Following Donald Trump's campaign promise to ban all Muslims "until our country's representatives can figure out what the hell is going on," city elected officials, interfaith leaders, and concerned citizens rallied on the steps of City Hall this morning to protest the deranged buffoon who continues to lead the polls. The rally was organized at the last minute on Tuesday evening by City Council Speaker Melissa Mark-Viverito, but nonetheless drew a solid 100 attendees of myriad faiths.

Many of those speaking at the rally discussed their own experiences with race- and religion-based discrimination, including Imam Khalid Latif, who is the executive director and chaplain at NYU's Islamic Center.

"My home has been visited by the FBI on numerous occasions where I’ve been told that I am being watched because I am too good to be true," Latif said. "As much as I am seen as an antidote, I am still seen as the poison.”

The speakers did not pull punches when it came to Trump. Mark-Viverito called him a "disgusting racist demagogue," while State Senator Liz Krueger said that he is not a politician, but rather "a showman, a demagogue, a good theater performer"—to which Public Advocate Letitia James added, "and a clown." That sentiment was shared by Bahaa Ellaithy, who came to the rally from Brooklyn after seeing a friend post about it on Facebook.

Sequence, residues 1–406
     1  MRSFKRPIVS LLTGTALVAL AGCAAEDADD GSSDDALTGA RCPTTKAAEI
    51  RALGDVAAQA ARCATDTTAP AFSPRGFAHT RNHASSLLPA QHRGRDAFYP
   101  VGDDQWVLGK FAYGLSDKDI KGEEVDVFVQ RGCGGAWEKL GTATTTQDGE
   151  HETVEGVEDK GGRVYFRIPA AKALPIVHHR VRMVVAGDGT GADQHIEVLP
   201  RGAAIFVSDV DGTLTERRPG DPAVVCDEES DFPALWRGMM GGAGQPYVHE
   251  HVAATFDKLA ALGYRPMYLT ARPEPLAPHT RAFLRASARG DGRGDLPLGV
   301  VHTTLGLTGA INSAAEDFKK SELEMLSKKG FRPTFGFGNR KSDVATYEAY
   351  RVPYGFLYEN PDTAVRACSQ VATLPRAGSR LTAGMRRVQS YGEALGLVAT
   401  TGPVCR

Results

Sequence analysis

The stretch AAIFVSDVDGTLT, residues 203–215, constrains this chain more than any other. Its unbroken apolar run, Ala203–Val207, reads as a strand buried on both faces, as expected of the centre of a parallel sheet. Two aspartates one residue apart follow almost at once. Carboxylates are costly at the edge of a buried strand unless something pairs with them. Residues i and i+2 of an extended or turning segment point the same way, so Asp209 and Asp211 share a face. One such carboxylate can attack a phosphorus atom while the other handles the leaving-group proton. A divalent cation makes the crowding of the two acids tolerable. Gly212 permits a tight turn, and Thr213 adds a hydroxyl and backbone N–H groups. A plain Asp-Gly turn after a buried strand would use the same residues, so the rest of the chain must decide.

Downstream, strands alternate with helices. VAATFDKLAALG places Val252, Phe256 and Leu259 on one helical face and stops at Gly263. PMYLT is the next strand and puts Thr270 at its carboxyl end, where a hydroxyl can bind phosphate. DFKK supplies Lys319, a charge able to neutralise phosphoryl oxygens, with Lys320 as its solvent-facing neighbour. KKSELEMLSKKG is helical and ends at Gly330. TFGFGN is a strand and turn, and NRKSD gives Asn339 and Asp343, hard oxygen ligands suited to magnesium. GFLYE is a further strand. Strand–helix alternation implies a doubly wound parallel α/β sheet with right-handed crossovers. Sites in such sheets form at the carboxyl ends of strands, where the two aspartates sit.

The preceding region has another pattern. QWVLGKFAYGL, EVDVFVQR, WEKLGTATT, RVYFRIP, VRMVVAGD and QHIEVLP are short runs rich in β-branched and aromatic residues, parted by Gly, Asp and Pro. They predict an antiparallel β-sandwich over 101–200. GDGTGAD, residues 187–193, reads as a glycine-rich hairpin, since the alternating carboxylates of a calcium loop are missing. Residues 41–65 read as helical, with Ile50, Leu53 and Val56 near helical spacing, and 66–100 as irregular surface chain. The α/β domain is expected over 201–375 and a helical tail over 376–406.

"What I know about America is, they always make some propaganda before the election, and you have to bring some clown like him to be like that, the clown of the scene," Ellaithy told Gothamist. "The values of Americans hopefully is going to be way stronger than his racist statements...people have different beliefs, different faiths, and we shouldn’t be against each other."

This message of solidarity was strong throughout the rally—except for the lone Trump supporter who made her way into the press scrum to shout, "Long live Trump! I love Trump!" She was quickly shouted down by the rest of the crowd and escorted out.

Several speakers drew connections between Trump's rhetoric and the uglier sides of American history we should be wary of repeating, citing (among others) the 1882 ban on Chinese immigration, the World War II attitudes of citizens toward receiving Jewish refugees, and the internment of Japanese-Americans in the 1940s. Sister Celia Deutsch, a Flatbush parishioner and a member of Sisters of Our Lady Sion, described the link between Trump and Hitler's rise to power as eerie.

"If one group is being targeted, other minorities are going to get it too," Deutsch told Gothamist. "There have already been anti-Semitic incidents on the Upper West Side recently...This is how a demagogue comes to power."